Tucked in the southeast corner of Iowa,† Wayland is a small city not exactly known for its trendsetting. Yet the area's school district may be at the forefront of what Mike Cormack hopes will become an attractive option for educational systems throughout the state.
Officials at the Iowa Department of Education, where Cormack serves as a policy liaison, recently approved the WACO Community School District's proposal to begin offering a four-day instructional week starting with the 2013-14 school year. Class periods would grow to an hour in length, up from the current 42 minutes, on Mondays through Thursdays.
"We can enhance our instruction, we can get really focused on the Common Core and build students' skills in an achievable way," said Tom Ferguson, an English teacher at WACO Junior/Senior High School and chairman of the district's innovative calendar committee. "This is a great way to service all kids and give them opportunities that are beneficial for them."
The schedule, which still needs school board approval before administrators can move forward, also includes three optional one-hour blocks for students to work on remediation and enrichment, including career readiness and community service, until 11:30 a.m. on Fridays.
"The Waco situation is much more of a starting point than a station thatís going to tell the tale for every district in the state of Iowa," said Cormack, lead member of the department's Instructional Time Task Force.
Instructional Time Task Force
The 19-member group, formed as part of last year's Senate File 2284 education reform legislation, met four times from July through October to study and devise recommendations on a uniform school year start date for state districts, the length of the instructional day and year and whether class time should be measured in days or hours.
Today (Monday) is the deadline for task force members to reveal their formal recommendations and pilot proposal to the state Board of Education, Gov. Terry Branstad and the state legislature. A draft, the template for the final document, includes a recommendation that instructional time be shifted from the required 180 days to a minimum of 1,080 hours, the equivalent of 180 six-hour school days. The document says that counting hours instead of days will "allow for more effective use of instructional time."
At times, school districts will add short instructional days at the end of the year in order to meet that 180-day requirement, but those days may include assemblies and award ceremonies instead of what Cormack called "quality instruction."As long as students are present for at least 5.5 hours, the state counts that as a full school day. Districts rely on that provision for situations such as early dismissals due to heat or professional development.
ďI think the idea behind the hours is the belief that instead of trying to meet a state standard in that manner, that would provide flexibility throughout the year," Cormack said. "Perhaps adding a couple days in March might be more beneficial than adding the type of days I just described.Ē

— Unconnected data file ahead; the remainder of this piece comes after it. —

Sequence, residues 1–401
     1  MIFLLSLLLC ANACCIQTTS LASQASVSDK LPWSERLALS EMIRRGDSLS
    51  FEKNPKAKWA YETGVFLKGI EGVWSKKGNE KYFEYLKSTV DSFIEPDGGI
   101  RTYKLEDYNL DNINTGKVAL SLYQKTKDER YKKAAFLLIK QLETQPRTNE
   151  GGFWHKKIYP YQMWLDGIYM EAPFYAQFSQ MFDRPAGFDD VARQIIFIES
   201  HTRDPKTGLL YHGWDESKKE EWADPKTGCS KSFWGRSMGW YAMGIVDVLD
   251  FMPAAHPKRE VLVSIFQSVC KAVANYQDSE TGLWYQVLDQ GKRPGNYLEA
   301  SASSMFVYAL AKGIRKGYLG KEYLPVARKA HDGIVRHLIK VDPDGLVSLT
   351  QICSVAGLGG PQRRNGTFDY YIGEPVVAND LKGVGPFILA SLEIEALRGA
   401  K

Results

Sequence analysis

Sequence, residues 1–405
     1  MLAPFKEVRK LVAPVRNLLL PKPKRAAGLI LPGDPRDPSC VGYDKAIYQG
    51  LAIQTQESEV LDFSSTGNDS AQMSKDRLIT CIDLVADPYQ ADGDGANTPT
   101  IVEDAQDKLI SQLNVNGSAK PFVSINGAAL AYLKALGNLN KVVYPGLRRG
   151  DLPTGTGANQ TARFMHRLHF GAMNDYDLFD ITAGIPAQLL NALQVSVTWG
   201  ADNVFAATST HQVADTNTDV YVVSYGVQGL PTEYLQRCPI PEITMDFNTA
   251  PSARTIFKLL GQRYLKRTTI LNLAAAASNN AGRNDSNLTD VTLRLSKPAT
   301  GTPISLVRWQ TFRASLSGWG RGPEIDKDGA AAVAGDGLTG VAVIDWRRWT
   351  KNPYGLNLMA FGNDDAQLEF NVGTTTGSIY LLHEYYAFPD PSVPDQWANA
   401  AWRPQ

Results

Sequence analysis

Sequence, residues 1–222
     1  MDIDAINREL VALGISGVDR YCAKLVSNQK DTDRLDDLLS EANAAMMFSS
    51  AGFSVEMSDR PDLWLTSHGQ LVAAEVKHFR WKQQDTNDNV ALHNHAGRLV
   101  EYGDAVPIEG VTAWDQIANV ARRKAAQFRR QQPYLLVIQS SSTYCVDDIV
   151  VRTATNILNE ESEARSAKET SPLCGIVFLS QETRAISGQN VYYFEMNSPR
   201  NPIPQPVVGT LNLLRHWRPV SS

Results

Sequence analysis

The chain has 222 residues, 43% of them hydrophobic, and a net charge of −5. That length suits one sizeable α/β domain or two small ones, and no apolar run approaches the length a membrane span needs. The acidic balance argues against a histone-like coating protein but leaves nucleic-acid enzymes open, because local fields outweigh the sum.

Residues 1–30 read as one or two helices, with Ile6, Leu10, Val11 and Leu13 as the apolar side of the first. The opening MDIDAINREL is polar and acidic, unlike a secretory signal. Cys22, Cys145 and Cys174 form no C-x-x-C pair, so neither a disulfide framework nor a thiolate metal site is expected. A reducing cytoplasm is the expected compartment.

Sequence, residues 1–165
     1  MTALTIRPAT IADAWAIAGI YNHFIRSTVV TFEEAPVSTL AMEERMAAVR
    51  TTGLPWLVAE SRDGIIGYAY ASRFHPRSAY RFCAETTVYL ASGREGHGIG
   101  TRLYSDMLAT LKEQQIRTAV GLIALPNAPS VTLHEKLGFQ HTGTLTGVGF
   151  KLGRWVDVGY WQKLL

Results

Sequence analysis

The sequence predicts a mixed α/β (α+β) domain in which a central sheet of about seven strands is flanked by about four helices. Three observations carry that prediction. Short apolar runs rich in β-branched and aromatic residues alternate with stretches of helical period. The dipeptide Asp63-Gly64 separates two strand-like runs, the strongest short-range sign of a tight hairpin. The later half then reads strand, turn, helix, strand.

The department approved 72 innovative calendar waiver requests from public and private schools and school districts to deviate from the 180-day requirement for 2012-13, including Linn-Mar, College Community and local Archdiocese of Dubuque buildings. Often districts want to subtract one or two full instructional days for staff development. The majority of these calendar requests aren't reinventing education, however, according to the view of Amy Williamson, the department's bureau chief for the Bureau of School Improvement.
"We rarely get an innovative calendar request that significantly reduces the number of days," she said. "Innovation is hard. Itís rare someone puts forth the time and effort to do something truly innovative."
Taylor Elementary School in Cedar Rapids has operated on an innovative calendar for almost 20 years. Principal Brian Christoffersen prefers to call it a modified calendar, but it is similar to a year-round schedule, with classes starting in the end of July and ending in late May with longer breaks spread throughout the year. In the principal's estimation, the alternative schedule is not more difficult to offer than a traditional one. In fact, to him it's an asset.
"Those breaks are so powerful," Christoffersen said.
This allows Taylor students to have the stability of the school construct throughout the year and, in addition, spend less time on remediation when classes resume each year.
During the off times throughout the school year, students can participate in enrichment activities through the school.
"It can kind of build experiences and background knowledge that can help kids feel more connected to school," the principal said, noting his belief that those programs can lead to academic growth.
The draft of the task force's recommendation suggests that the state provide incentive funding for districts opting to try innovative calendars and continued financial support if they demonstrate student achievement. Cormack offered public-private partnerships and repurposing existing dollars as ways to provide that funding.
The document also includes ideas about staggered schedules, such as 7:30 a.m. to 3:30 p.m. and 9 a.m. to 5 p.m. for longer instructional days. The text directs districts to review best practices and look at other states for cues on how to truly innovate when it comes to redesigning a school year."[We're] not saying that every school and every student should have a longer day or longer year," Cormack said, "but there are promising results from schools that have gone into this area and the state should encourage that."